I hate this nanny state in which we live.
Last Tuesday I started to come down with a cold. It started as a scratchy throat, then my ears plugged, then my nose became stuffed, and then the cough set in. I haven’t been sick in years, but when I get a cold, it always follows that same formula. As a result, I typically treat myself. Cough drops, over the counter cough medicine, and plenty of fluids and rest.
Last week, I picked up some cold medicine from Kroger called “Mucus Relief DM.” This stuff made me feel like a zombie. I was totally out of it. I did some research on the two active ingredients. One is called Guaifenesin, an expectorant. It makes your cough more productive. The other is Dextromethorphan HBr, which suppresses your cough.
In doing my research, I learned that the Dextromethorphan is the ingredient in Robitussen that people abuse (thank you, shady websites for that little gem of knowledge). It makes you drowsy, and apparently makes you hallucinate if taken in high enough quantity. That was enough for me– I was done with it. All I want is a more productive cough, not to suppress the cough.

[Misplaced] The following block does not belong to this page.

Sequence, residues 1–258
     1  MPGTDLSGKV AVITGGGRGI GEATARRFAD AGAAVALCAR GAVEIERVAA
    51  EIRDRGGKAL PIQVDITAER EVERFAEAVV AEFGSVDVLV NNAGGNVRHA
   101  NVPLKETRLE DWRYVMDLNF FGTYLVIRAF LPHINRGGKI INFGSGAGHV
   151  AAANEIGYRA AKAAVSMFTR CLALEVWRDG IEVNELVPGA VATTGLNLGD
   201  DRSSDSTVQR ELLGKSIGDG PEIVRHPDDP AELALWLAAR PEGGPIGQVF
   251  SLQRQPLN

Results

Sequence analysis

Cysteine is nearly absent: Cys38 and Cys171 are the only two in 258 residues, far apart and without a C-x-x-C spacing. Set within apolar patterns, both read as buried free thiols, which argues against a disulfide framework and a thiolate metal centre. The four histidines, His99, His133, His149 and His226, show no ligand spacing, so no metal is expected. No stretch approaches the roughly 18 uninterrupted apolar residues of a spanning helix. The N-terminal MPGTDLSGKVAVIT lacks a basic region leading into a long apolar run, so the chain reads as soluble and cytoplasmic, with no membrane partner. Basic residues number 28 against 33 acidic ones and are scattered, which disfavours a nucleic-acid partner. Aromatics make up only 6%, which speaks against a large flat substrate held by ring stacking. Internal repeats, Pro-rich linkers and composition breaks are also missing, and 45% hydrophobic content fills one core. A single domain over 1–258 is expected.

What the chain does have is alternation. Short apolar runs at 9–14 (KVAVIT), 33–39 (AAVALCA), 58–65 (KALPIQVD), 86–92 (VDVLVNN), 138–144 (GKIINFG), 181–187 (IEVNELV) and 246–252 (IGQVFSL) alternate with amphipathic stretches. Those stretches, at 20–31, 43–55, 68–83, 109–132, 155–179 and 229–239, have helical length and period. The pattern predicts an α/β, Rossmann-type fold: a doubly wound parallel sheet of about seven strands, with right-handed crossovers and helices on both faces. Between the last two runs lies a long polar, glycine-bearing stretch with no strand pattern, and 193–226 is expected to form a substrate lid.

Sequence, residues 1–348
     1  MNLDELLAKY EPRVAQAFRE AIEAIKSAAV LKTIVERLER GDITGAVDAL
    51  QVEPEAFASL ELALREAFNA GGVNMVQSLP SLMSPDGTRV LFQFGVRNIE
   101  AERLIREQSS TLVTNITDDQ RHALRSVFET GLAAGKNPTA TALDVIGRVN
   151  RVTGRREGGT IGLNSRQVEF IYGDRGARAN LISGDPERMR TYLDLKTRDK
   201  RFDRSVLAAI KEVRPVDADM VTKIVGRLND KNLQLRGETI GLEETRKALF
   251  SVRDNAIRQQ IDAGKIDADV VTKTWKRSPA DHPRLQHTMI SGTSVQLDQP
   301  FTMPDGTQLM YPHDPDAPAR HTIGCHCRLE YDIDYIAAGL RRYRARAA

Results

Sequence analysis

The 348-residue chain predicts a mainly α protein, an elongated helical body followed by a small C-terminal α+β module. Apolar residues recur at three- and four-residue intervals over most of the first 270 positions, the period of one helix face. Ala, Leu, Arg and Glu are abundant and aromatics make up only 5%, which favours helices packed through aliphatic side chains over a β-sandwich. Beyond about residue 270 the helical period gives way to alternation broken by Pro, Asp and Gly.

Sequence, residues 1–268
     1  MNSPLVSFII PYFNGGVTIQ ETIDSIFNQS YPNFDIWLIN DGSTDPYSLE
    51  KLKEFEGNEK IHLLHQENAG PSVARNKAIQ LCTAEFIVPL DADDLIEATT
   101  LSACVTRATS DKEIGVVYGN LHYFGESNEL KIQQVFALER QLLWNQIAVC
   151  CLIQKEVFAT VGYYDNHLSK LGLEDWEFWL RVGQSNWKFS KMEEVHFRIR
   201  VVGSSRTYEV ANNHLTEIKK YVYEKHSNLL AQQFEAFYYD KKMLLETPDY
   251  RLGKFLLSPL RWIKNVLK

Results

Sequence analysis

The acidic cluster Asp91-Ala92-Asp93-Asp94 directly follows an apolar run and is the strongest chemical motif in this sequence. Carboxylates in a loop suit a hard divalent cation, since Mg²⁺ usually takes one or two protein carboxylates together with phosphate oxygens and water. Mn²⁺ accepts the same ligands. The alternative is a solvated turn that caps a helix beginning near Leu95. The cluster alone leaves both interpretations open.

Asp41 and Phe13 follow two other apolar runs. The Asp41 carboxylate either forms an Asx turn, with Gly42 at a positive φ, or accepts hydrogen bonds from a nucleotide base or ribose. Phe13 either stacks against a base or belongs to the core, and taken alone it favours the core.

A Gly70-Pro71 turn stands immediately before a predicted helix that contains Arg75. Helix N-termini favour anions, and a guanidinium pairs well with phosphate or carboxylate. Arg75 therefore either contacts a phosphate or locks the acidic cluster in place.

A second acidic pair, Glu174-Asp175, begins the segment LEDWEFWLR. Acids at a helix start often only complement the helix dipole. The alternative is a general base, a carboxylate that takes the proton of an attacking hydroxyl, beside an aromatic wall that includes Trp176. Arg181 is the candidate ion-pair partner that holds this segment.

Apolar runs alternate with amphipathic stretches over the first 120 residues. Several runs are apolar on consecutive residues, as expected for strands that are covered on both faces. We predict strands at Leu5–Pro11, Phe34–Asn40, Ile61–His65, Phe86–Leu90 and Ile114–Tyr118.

So today, I bought the exact same medicine from Kroger, but without the Dextromethorphan. Just to be clear– this is over-the-counter medication. It contains NO ephedrine of any kind. To my knowledge, the only active ingredient– Guaifenesin– is not on any sort of “watch” list or anything like that. There are no restrictions on its sale.
So why is it that I had to show my ID to purchase this stuff? I mean, come on– if I can buy the DM variety, which is regularly abused, without ID, then why do I have to show my ID to buy the ingredient that the abusers apparently try to avoid?
It makes no sense. I am an adult. I am sick. I am perfectly capable of determining what medicines I need to take. I do not need to be needlessly harassed by a grocery store just so I can buy some completely-legal, non-abused cough medicine.
A quick discussion with the manager and the pharmacist confirmed that there are no restrictions on this medicine. Kroger, for some reason, decided to police its customers use of over-the-counter, legal medicine, particularly when I bought some (awful) potentially-abused medicine without ID from the very same store just last week.
Why wasn’t I asked for ID for the menthol cough drops that I bought? How about the chicken soup?
Just sell me the damn medicine, Kroger. I’m a big boy. I can make my own decisions.
That is all.